Potentilla recta

Common Name: sulphur cinquefoil 
Type: Herbaceous perennial
Family: Rosaceae
Native Range: Eurasia
Zone: 3 to 8
Height: 1.00 to 2.50 feet
Spread: 1.00 to 2.00 feet
Bloom Time: May to August
Bloom Description: Yellow
Sun: Full sun to part shade
Water: Dry to medium
Maintenance: Low
Suggested Use: Naturalize
Flower: Showy
Tolerate: Deer, Drought

Culture

Easily grown in average, dry to medium moisture, well-drained soils in full sun. Tolerates light shade, but will not grow in full shade. Established plants have respectable drought tolerance. Performs well in a variety of different soils including coarse-textured ones. It can spread somewhat invasively in the garden by self-seeding. It may perform poorly in hot and humid summer climates south of USDA Zone 8.

Noteworthy Characteristics

Potentilla recta, commonly known as sulfur cinquefoil or five-fingered cinquefoil, is a vigorous, tufted, multi-stemmed, non-rhizomatous, herbaceous perennial of the rose family that typically grows to 12-30” tall. It is native from the Mediterranean and central areas of Europe to central Asia south to Asia Minor and Iran plus in some alpine areas of northern Africa. It was accidentally introduced into North America in the late 1800s with subsequent naturalization occurring in a wide variety of habitats throughout the U.S. and Canada, primarily in disturbed areas including but not limited to roadsides, railroad right of ways, abandoned agricultural fields, meadows, pastures and waste areas. It is now found in every State in the continental U.S. except Utah and Arizona. This plant will often colonize disturbed areas. It is classified as a noxious weed in five U.S. States (Washington, Oregon, Montana, Nevada and Colorado) plus in the Province of British Columbia, Canada.

Petiolate, palmate-compound basal leaves have 5-7 (9) hairy, coarsely toothed, lanceolate leaflets (central leaflet to 3” long). Much smaller, sessile, stem leaves are typically trifoliolate (3-5 leaflets), shrinking in size as they ascend the stems which rise from spreading basal clumps to as much as 30” tall. Each plant produces 1 to 8 stems. Five-petaled, pale sulfur-yellow flowers (to 1” diameter) surround a center of 25-30 yellow-anthered stamens. Flowers bloom at the stem ends in clusters (loose flat-topped cymes) from early to mid-summer (late May to August). Flowers are followed by seeded fruits (achenes). A single plant on average can produce 1600 or more seeds per year.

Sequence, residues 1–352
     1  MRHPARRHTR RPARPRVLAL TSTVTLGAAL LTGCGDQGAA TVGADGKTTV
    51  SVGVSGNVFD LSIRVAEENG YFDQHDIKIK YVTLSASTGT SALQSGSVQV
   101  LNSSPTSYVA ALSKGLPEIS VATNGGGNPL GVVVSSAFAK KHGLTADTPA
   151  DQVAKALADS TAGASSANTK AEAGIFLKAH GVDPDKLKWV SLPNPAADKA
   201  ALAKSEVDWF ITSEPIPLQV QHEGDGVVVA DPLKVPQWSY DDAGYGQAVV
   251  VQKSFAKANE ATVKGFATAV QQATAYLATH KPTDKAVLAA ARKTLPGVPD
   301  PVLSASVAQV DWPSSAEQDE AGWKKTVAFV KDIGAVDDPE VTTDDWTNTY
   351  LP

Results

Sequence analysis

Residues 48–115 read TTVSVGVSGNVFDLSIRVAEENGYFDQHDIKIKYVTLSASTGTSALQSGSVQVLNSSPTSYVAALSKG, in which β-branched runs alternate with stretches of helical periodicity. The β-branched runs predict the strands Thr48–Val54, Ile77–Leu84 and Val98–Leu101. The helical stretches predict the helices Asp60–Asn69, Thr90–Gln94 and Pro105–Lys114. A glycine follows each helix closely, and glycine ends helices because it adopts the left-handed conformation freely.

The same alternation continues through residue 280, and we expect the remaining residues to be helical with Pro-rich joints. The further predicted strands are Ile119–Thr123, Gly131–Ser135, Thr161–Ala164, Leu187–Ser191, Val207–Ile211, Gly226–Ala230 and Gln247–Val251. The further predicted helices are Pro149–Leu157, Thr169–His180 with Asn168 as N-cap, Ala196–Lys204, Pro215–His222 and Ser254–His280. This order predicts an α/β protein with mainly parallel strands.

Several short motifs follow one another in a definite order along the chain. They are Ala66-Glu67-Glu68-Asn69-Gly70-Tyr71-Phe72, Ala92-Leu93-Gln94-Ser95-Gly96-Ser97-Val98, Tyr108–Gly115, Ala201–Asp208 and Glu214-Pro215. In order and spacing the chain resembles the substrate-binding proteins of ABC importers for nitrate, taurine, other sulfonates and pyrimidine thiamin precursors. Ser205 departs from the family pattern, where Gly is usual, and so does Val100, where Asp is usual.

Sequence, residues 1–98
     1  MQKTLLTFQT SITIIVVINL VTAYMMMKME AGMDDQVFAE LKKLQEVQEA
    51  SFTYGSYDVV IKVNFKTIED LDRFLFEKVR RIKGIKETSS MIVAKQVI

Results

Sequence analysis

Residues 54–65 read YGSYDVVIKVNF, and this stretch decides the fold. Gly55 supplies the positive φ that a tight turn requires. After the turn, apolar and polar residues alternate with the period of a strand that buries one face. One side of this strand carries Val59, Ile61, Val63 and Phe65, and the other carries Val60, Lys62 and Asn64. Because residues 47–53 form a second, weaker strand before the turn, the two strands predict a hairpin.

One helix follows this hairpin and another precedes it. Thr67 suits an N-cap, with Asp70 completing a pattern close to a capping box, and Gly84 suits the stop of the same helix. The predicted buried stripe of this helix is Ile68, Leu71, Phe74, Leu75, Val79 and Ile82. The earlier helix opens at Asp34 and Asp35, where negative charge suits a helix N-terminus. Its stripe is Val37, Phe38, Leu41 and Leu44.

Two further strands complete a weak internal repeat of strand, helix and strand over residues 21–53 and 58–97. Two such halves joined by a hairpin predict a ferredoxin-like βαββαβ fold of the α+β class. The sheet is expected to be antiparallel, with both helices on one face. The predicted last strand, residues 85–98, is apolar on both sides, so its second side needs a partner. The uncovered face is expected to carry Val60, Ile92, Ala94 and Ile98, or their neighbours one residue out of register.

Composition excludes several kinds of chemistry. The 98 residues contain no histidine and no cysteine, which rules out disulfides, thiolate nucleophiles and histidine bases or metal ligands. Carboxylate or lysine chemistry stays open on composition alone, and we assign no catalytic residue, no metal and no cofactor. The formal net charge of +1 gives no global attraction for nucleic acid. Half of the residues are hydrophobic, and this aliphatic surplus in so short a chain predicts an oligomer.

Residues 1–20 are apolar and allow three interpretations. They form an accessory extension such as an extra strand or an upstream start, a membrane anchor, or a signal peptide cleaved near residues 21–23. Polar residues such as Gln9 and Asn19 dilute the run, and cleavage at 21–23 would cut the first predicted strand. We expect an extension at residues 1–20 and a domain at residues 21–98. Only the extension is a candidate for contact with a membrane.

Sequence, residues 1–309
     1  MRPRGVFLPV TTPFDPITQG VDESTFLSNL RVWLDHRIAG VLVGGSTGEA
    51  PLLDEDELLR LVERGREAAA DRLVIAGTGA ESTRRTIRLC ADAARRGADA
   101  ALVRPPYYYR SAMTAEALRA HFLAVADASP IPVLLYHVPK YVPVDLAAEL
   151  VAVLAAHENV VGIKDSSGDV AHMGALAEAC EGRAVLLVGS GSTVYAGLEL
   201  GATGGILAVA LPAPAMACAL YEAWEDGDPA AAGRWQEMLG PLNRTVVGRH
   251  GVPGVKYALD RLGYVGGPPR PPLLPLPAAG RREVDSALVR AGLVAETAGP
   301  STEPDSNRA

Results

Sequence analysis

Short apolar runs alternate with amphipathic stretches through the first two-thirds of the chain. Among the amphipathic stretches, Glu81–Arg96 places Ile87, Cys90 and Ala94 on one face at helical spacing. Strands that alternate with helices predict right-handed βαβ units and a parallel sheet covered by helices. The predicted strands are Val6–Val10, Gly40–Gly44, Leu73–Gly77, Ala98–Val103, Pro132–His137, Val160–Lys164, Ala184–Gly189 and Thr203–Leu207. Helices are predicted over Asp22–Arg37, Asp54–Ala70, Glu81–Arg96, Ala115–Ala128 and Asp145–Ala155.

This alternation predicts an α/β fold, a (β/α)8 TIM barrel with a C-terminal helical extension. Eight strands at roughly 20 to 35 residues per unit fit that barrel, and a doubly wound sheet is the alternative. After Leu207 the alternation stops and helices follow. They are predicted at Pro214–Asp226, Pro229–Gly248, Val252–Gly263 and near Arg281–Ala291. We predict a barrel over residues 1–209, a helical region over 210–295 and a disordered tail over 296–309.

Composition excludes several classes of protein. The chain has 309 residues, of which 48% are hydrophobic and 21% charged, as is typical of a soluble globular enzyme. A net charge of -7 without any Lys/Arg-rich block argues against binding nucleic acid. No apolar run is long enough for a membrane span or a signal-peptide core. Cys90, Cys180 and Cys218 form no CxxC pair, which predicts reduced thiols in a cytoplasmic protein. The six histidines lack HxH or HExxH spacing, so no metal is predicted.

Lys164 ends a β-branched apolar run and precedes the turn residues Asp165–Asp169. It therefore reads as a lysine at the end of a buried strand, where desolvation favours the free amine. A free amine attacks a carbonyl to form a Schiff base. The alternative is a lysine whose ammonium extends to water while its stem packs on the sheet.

Genus name from Latin potens meaning powerful is in reference to the reputed medicinal properties of the plant.

Specific epithet from Latin means upright.

The common name of cinquefoil comes from the Latin words quinque meaning five and folium meaning leaf in reference to the 5-parted plant leaves. Sulfur is a reference to the sulfur-yellow flower color.

Problems

No serious insect or disease problems. Plants can be invasive in the landscape, sometimes competitively displacing both native and non-native plants through colonization.

Garden Uses

Notwithstanding its weedy reputation, sulfur cinquefoil is a vigorous perennial with attractive flowers and vegetation. Wildflower gardens. Borders. Cottage gardens. Low-maintenance areas where naturalization is not a serious concern.